After reading hundreds of business books, you start to get a sense of what makes a good title.
What makes a good book
Some books describe “what is”, some books describe “what to do” and some books make you think. I prefer the “make you think” and the hard-nosed versions of “to do” books. Like “blood on the wall marketing” or “stoicism as your operating system”. I do not like the “what is” books. What is the point of stating the obvious?
“Platform revolution; how networks are transforming the economy, and how to make them work for you” is a “what is” book. Because I am involved in building platforms such as www.smallbusinesscan.com and bigconnections.org, I felt obliged to read it.
Platforms are the future, nothing new
The book tells you that platforms are the future, annihilating barriers of time, space and gatekeepers. Nothing new there. Platforms lower transactions cost. Nothing new there. Platforms invert firms. Innovation is now crowdsourced. Nothing new there. Frictionless entry must be balanced through effective curation. Platforms eat pipelines. Some pipelines become platforms (Nike as an example). All nothing new.
Here is something interesting
Network creators have a price earnings ratio of 8.2. Technology creators have a 4.8 ratio and service providers a 2.6 ratio. I didn’t know that, but I am sure that the valuations of Facebook and LinkedIn have skewed that statistic.
Chicken and egg
With the creation of platforms, there is always a chicken and egg dilemma and in fairness to the book, it gives eights strategies to tackle that. From “producer evangelism”, “big bang adoption” to what I think is the most sensible approach for mortals like us, which is the micro market strategy. Target a small niche first.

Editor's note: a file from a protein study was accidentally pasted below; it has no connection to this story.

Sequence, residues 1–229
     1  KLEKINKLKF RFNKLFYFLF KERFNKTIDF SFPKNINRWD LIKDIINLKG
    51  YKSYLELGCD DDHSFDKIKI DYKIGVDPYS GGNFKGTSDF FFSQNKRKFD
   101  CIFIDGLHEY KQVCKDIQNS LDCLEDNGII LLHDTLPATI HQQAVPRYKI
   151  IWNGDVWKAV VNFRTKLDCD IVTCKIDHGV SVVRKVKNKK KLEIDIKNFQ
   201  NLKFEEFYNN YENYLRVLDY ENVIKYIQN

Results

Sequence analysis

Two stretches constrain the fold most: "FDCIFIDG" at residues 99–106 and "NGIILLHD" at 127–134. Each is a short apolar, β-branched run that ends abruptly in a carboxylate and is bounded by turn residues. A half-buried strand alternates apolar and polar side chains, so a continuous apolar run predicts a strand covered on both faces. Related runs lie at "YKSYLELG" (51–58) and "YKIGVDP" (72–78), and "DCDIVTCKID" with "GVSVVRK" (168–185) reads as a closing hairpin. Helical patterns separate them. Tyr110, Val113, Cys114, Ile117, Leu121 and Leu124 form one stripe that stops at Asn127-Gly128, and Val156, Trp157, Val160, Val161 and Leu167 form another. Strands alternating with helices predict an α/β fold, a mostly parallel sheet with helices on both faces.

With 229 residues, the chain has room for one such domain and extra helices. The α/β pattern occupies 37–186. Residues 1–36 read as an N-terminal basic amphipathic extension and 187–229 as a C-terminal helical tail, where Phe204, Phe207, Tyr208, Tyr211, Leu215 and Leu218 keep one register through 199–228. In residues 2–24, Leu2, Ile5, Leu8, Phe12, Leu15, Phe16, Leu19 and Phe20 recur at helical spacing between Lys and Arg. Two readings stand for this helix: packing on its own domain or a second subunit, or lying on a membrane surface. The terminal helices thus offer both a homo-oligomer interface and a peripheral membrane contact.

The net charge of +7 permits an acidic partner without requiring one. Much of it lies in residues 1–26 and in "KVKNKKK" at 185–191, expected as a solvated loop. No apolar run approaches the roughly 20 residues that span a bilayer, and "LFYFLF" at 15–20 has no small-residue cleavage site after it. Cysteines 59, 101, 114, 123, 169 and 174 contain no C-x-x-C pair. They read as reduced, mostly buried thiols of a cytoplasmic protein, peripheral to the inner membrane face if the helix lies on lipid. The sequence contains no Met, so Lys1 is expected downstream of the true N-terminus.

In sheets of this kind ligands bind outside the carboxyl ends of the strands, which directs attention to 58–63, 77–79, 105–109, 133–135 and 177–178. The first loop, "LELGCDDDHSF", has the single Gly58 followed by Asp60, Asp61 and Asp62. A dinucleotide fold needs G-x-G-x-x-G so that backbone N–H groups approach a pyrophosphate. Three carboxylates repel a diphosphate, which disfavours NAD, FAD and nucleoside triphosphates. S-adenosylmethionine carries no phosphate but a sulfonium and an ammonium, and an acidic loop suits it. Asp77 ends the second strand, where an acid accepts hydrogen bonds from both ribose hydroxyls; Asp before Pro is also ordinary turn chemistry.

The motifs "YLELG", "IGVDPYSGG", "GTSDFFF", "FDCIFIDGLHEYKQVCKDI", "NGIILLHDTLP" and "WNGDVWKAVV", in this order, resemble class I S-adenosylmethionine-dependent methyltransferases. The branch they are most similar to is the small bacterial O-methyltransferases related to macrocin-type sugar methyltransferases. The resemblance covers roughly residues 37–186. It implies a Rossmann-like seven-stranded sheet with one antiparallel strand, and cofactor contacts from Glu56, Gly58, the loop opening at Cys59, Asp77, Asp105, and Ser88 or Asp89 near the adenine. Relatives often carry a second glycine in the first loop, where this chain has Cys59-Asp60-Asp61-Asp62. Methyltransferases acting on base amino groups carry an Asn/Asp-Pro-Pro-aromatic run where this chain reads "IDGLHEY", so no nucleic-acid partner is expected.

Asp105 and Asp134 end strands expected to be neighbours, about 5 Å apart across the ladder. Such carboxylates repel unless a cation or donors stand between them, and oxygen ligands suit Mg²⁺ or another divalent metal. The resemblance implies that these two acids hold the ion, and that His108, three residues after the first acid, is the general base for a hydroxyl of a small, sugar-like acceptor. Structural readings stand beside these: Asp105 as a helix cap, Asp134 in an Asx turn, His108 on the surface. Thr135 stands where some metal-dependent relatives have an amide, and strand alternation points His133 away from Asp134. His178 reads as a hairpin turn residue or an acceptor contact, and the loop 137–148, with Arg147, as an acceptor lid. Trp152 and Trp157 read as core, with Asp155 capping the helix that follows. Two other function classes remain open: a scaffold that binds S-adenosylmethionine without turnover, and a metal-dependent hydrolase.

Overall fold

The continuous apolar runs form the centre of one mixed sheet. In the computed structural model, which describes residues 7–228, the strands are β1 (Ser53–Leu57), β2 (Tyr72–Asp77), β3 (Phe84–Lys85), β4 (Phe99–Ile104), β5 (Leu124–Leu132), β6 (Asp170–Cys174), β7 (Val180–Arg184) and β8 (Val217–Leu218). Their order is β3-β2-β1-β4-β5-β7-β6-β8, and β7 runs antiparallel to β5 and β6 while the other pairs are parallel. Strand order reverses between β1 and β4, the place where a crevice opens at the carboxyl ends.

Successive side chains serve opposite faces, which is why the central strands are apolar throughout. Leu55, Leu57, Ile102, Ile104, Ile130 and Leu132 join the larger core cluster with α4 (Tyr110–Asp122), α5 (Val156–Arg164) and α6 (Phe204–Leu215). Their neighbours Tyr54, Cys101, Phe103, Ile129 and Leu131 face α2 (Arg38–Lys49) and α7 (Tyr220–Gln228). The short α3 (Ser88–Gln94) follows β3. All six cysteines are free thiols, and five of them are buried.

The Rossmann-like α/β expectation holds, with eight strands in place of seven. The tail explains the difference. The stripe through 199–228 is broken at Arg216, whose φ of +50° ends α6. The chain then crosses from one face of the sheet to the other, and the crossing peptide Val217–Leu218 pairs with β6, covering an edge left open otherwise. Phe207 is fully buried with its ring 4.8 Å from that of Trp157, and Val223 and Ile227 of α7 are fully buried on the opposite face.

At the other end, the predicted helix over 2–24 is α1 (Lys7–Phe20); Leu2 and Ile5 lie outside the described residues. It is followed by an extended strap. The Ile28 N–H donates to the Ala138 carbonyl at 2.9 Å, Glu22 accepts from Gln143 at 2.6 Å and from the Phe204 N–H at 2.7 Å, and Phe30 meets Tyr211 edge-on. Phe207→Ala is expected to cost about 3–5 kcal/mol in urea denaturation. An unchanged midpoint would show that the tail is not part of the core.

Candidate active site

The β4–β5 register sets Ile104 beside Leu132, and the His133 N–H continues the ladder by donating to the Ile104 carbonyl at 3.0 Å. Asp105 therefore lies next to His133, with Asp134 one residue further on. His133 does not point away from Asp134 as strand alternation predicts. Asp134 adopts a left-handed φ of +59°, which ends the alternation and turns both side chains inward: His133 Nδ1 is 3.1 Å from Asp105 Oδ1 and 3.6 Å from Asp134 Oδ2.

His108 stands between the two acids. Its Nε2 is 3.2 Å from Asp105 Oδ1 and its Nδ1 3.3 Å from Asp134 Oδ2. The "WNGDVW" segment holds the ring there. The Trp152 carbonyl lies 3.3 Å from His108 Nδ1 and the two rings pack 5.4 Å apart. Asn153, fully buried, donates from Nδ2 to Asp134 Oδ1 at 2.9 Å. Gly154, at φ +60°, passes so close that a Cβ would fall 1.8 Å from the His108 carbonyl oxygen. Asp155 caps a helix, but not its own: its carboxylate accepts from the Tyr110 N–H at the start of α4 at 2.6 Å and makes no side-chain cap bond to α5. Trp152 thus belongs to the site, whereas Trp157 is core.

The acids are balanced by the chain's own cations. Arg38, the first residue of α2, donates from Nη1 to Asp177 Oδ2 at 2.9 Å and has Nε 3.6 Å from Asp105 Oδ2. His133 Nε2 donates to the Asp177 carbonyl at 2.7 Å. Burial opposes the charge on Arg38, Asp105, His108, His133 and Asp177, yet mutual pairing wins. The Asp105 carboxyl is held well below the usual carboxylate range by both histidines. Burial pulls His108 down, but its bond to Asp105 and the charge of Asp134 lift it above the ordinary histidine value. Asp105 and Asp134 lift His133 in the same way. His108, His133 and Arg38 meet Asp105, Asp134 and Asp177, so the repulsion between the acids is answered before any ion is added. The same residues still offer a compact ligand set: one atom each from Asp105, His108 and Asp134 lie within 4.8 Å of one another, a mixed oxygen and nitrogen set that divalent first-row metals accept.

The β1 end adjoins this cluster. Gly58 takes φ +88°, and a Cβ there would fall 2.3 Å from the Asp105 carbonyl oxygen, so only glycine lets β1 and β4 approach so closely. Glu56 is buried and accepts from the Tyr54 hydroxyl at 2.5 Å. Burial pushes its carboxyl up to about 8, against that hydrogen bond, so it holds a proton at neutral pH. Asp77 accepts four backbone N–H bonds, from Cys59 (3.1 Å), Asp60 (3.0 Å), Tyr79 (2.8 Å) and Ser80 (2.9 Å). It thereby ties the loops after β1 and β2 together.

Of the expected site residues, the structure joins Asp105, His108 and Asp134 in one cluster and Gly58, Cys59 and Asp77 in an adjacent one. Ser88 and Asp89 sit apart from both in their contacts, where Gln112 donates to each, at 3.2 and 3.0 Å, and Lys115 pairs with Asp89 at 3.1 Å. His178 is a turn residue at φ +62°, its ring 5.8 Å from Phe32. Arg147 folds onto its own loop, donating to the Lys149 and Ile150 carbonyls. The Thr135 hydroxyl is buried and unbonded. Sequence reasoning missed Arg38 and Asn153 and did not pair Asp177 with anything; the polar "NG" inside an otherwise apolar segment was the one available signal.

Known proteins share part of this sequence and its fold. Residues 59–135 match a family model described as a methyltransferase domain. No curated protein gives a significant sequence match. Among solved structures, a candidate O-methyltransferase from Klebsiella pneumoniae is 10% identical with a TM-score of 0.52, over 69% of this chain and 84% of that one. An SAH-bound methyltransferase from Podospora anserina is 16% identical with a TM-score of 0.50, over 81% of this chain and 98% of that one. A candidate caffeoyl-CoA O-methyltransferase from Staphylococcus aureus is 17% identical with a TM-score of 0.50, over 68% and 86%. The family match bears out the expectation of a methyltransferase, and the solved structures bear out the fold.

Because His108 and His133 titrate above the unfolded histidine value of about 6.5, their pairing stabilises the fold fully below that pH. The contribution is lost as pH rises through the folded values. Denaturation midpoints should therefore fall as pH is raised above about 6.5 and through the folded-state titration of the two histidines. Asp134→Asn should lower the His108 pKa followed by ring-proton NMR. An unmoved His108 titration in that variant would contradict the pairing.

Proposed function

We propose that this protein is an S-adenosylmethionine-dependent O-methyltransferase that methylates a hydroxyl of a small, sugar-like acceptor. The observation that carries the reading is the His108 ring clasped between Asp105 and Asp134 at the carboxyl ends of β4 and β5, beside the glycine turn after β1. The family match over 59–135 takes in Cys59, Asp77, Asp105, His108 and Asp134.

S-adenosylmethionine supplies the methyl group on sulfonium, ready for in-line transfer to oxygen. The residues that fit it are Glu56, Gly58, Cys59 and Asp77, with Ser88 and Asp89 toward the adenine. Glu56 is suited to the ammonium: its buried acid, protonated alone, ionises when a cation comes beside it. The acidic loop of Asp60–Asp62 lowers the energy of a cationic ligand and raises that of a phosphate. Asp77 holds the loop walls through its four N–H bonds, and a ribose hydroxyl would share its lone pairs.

It gives some tips on how to monetise, tips on how to create viral effects, tips on community management and openness, some things to think about regarding governance and what metrics to use. LTV is a prominent metric. And again there is nothing new there.
They finish with predicting where platforms are going to have the most impact. You won’t be surprised that the hotspots in their view are education, health care, finance, logistics, regulation, government and the internet of things. However, if you are in those industries, you could take note.
Ignore at you peril
Just because it is a boring book, it doesn’t mean you should ignore platforms. They will fundamentally transform these sectors and others. At micro and macro level. It is the ultimate consequence of marketing, technology and social media. After all the relationship with a client is the most valuable asset of a company (how long before that appears as a value on a balance sheet?). The time of dictating a market is gone. It is now only about persuasion through eco (ego) systems